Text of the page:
Despite the surge in M&A and even IPOs, shares of Jefferies Group (NYSE:JEF) have been lackluster this year. Perhaps investors have overly optimistic expectations, or perhaps performance has been dampened by the firm's weakness in its trading and asset-management businesses.

Fiscal first-quarter revenues inched up only 1% to $418.8 million, while earnings increased 7% to $62.3 million, or $0.42 per share. By comparison, Jeffries enjoyed a particularly strong first quarter in 2005.

Jefferies continues to snag plum assignments. Its latest engagements include the buyouts of Kronos (NASDAQ:KRON) and Vertrue (NASDAQ:VTRU). The upshot was a 33% jump in investment-banking revenues, to $170.1 million.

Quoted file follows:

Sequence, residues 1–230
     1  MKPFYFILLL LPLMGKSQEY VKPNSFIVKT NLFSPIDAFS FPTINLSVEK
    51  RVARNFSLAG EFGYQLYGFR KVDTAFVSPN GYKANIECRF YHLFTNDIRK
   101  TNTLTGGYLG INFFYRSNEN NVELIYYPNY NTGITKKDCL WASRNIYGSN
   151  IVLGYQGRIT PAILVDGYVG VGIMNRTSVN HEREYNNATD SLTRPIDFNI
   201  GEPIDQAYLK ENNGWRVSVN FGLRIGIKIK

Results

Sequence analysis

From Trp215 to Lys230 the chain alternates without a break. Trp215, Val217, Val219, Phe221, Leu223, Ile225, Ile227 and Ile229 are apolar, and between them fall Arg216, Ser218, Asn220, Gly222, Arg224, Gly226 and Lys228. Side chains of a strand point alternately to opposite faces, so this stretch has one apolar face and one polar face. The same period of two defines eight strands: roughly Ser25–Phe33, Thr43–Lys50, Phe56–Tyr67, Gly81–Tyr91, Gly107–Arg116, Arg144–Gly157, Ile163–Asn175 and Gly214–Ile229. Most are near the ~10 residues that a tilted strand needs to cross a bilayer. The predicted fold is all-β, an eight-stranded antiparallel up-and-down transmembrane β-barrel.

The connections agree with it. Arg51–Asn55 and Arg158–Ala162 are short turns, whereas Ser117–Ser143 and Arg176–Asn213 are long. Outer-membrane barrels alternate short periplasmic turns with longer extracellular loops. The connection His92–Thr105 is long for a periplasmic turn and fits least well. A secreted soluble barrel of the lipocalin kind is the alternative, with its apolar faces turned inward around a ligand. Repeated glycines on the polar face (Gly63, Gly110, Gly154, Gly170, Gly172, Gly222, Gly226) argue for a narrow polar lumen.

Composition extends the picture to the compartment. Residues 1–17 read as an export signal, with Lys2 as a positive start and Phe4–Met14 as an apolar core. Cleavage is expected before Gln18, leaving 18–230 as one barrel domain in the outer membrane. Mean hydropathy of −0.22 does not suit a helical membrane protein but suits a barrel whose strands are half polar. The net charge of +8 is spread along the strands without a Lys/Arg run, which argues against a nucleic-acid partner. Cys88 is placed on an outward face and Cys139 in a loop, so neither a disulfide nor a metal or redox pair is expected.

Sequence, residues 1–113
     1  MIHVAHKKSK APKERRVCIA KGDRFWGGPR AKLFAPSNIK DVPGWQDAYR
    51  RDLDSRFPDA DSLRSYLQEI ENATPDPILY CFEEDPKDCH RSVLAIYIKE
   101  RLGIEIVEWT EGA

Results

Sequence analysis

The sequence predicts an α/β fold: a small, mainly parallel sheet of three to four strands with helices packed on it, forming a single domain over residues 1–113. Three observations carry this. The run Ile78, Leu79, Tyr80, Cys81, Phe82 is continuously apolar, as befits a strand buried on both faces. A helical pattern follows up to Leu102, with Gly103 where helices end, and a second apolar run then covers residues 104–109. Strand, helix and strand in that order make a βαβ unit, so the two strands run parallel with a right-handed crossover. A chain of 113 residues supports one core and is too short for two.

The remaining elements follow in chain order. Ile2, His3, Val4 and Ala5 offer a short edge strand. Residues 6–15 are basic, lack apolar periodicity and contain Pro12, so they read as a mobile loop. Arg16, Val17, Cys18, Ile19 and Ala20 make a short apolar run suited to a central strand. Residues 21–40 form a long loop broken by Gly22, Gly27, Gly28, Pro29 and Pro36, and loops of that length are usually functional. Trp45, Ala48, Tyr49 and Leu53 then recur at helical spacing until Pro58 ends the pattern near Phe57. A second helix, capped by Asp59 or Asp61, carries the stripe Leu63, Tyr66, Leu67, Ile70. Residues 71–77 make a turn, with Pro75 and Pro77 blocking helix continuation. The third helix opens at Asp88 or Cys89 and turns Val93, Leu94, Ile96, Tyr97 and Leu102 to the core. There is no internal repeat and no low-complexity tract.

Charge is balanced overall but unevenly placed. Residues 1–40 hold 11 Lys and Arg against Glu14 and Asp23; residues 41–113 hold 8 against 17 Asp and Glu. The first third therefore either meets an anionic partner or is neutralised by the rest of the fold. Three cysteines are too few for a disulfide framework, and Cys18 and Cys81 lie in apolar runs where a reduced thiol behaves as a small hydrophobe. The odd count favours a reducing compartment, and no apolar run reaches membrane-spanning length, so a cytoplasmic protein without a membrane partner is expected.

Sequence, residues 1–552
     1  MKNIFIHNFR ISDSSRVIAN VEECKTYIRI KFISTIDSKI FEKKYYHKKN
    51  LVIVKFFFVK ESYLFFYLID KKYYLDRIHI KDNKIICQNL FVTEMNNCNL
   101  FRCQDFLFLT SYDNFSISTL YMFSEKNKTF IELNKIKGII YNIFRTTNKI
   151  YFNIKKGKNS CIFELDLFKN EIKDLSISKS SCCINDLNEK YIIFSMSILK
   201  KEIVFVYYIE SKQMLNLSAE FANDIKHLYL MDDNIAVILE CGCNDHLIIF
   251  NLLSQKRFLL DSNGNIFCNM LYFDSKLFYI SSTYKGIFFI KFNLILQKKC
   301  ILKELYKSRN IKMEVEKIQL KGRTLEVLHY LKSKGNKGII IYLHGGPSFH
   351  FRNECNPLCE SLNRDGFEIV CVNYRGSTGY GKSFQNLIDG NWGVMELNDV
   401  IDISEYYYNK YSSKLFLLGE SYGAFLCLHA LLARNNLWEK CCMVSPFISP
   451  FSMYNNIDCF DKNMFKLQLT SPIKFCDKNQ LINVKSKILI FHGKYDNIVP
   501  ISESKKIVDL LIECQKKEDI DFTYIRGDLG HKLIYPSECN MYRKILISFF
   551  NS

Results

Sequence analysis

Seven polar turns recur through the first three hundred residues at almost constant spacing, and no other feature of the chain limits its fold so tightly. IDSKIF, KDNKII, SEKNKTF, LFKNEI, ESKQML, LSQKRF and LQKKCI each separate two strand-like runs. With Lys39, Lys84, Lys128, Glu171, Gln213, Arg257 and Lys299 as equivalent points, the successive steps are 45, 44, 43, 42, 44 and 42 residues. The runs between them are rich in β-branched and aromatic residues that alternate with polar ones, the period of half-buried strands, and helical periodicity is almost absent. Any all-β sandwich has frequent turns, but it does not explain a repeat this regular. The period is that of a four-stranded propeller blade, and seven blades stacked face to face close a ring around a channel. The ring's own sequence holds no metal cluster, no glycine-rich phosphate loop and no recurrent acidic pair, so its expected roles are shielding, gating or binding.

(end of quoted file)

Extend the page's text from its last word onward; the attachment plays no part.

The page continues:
One trouble spot for Jefferies was its principal trading, where revenue fell 10%, to $144.4 million. The company also endured a 55% plunge in revenues in its asset management business. These segments can be volatile, but investors should nonetheless monitor this weakness; in such a highly competitive industry, it could linger for some time.

Jefferies appears to be gaining traction in its joint venture with MassMutual, which grants investment banking clients access to debt capital. Unfortunately, the arrangement remains in the early stages, and it will take time to move the needle for Jefferies.

Trading at 20 times earnings, Jefferies is valued similarly to other mid-tier investment banks like Lazard (NYSE:LAZ) and KBW (NYSE:KBW). Given its recent weakness, it's probably a good idea to hold off on Jefferies' stock for now.

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Fool contributor Tom Taulli, author of The Complete M&A Handbook, does not own shares mentioned in this article. He is currently ranked 2,719 out of 25,386 in CAPS.